I spoke to Ronan McDermott, the Volunteer Police Cadet Coordinator for Hammersmith and Fulham, and Angela Vallely, the Head Cadet of the Hammersmith and Fulham division about what it means to be a Police Cadet and why now, more than ever, their work is so important in building a bridge between the youth and the Metropolitan Police. 

So what’s involved in being a Police Cadet? Police Cadets meet in weekly training sessions which include a 40-minute drill session, an hour working in a classroom - covering topics such as knife crime, gang violence, black history month, LGBT and practising stop and search drills - followed by an hour of sports. 

Angela described how being a cadet is like being a “younger version of a police officer”. Angela earned the role of Head Cadet after five years of being a regular cadet. Her role includes ensuring the other cadets stay in line, helping to pick teams for competitions and helping the cadets resolve any issues outside of their sessions.

Police Cadets help to break the barrier between us and the police by showing that a lot of the stereotypes we have of the police are untrue. Angela tells me that when she’s out and about she can go up to a police officer she knows by name and start comfortably chatting to them. She speaks to her friends about the activities she does and this can result in her friends joining the Cadets and changing their views on the police for the better.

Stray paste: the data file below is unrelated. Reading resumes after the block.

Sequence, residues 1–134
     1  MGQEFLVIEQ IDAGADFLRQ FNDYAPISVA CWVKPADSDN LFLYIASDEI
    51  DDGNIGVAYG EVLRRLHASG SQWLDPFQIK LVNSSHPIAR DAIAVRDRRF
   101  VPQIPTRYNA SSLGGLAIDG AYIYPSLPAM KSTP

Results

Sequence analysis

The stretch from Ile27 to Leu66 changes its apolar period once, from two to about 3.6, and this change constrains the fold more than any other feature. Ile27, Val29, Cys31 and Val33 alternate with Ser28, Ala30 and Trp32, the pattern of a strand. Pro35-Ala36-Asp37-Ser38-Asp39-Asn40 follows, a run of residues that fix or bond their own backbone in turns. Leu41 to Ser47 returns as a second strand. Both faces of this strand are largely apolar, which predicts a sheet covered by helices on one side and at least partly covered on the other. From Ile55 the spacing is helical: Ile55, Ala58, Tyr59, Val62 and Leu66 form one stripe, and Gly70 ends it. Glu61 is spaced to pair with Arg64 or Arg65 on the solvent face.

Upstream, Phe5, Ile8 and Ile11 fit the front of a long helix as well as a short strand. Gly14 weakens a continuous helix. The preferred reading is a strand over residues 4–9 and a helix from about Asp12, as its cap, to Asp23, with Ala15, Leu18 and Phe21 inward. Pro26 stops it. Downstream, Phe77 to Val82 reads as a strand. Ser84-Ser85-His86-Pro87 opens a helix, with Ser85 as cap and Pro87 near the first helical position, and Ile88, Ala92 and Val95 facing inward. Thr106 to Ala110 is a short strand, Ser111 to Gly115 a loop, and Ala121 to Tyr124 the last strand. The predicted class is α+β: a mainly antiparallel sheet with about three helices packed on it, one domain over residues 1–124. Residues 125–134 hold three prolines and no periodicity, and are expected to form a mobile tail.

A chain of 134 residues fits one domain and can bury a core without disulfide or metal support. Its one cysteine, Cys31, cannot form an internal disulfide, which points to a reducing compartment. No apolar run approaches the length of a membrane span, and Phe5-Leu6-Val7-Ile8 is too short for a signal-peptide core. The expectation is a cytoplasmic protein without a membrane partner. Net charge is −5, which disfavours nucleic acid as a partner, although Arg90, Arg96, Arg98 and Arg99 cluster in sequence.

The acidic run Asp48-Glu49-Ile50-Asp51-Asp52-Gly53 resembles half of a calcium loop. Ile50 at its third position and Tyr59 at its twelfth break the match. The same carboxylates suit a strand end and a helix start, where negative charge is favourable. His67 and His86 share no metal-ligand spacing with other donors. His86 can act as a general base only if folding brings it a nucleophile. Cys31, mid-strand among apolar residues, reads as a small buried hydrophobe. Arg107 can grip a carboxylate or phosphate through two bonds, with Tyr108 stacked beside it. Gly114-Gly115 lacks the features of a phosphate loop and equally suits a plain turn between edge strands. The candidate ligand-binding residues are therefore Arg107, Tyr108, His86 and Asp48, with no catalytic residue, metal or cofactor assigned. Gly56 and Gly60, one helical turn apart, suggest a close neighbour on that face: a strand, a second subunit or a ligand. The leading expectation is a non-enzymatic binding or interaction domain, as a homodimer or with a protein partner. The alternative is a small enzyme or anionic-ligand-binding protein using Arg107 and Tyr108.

Ronan said the Hammersmith and Fulham Cadets are a “100% true representative youth group of the area” with members from all faiths and races and that no one is excluded from joining: “We will take anybody”. They particularly want to reach kids who are just on the edge of committing crimes to avoid them going down the wrong path. 

The work that Police Cadets do is especially important in the current political climate where Black Lives Matter protests have led to the revival of the ‘ACAB’ movement which criticises policing as an institution. It has exacerbated the rift between police and young people especially. Ronan described the blanket negativity towards the police as “disappointing”. He tells me that hard work is going towards youth engagement teams to build bridges between the police and the youth behind the scenes.

Ronan wants us young people to realise that “you can work with your local police officers side by side and they’re actually not bad people so tarring everybody with that same brush isn’t that fair.”